Traveling Companions

Gray whales are leading tourists, conservationists and business operators on a rocky voyage toward economic and environmental salvation.

Instead, she suggested that the camp cook, Memo, had set out the octopus bucket purposefully to have sport with her and the other vegetarian guide, Sue Rocca.

When she finally accepted the obvious, a second emotion overcame her.

Maybe they're hungry, she said of the fishermen. I'll go back to camp and get them some peanut butter and jelly sandwiches. With that, she strove off in the direction of the Skippy.

Carl Martin, left, and a friend look over the traditional canoes Carl and his brother, Joe, make for use by other tribes.
Jacqueline Windh
Carl Martin, left, and a friend look over the traditional canoes Carl and his brother, Joe, make for use by other tribes.
Canoe-maker Carl Martin used to be in the whale-watching business.
Jacqueline Windh
Canoe-maker Carl Martin used to be in the whale-watching business.


The recovery of the Eastern Pacific gray whale from the brink of extinction is the single greatest turnaround of a marine mammal population. In New Times" special project "Shades of Gray," reporters from several of our papers have traveled from Baja to the Bering Sea to tell the complex tale of a creature whose 12,000-mile instinctual journey places it squarely in the path of myriad human cultural conflicts. The trek follows the competing interests of Indians, scientists, environmentalists, tourists and local residents.

In this last installment of the series, Executive Editor Michael Lacey joins travelers in search of the gray whale to examine the burgeoning eco-tourism industry along the Pacific coast, the people who venture into the wild, and the impact of the whale-watching business on local communities and cultures.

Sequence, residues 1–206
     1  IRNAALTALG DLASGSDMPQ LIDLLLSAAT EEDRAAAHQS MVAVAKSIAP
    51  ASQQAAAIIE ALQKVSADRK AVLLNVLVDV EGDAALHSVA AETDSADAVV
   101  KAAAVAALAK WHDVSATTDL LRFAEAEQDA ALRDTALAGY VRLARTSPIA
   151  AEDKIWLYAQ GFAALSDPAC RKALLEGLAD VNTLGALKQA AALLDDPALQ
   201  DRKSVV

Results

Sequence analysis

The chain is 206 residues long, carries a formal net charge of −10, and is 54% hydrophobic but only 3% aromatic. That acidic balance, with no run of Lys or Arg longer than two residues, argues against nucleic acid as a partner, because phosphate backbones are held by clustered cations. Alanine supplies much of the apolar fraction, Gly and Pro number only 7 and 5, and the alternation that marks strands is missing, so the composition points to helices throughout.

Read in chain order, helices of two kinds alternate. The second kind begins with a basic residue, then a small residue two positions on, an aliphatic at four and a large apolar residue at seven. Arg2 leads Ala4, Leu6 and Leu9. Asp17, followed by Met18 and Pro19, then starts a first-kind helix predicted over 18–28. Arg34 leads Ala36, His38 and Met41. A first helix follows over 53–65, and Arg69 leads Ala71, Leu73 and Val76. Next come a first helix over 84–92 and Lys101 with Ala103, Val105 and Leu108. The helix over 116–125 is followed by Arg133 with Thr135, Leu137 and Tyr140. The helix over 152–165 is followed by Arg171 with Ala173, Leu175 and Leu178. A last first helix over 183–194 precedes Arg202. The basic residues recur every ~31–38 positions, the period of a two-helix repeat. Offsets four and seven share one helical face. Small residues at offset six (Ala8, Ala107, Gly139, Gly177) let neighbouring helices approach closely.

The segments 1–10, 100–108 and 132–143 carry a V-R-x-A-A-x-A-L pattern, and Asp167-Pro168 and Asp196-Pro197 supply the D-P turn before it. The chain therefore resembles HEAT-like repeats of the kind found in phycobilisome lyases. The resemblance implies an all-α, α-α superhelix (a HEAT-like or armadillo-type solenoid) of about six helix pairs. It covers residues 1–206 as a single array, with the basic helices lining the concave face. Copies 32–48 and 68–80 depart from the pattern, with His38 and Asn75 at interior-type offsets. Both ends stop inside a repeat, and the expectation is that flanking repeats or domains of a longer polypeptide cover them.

Read the entire series

After Hansen's exit, Rocca liberated the octopus and waited for the fishermen to return.

The first one back, seeing a group of eco-tourists surrounding his lunch bucket, walked past the pail as if he'd never seen it before and headed up the beach.

The second strolled past, glanced down into the empty pail and wailed, "It's gone, man."

He, too, headed up the beach without so much as hot sauce.

The third fisherman, a handsome young man, stopped and introduced himself to Sue.

"My name is . . . al-eh-HAN-dro." His warm smile suggested that this was not the first time he had introduced himself thusly to a young, blond North American.

Once she confirmed that the octopus had in fact been taken by these particular fishermen for lunch, Rocca informed him with the sang-froid unavailable to anyone over the age of 30 that she had let the creature go.

The charming gallant replied, "It is nothing."

Rocca cleared up that misunderstanding where she stood.

Much later, in an e-mail, she considered what had emboldened her.

"I don't know what moral authority I was acting on except my own. Pretty scary, huh? I would have done the same thing if I was a guest or guide, in the USA or Japan."

Because of countless examples of precisely this sort of cultural paper cut, Mexicans and Canadians view with mixed emotions the cash that American eco-tourists deposit in their countries.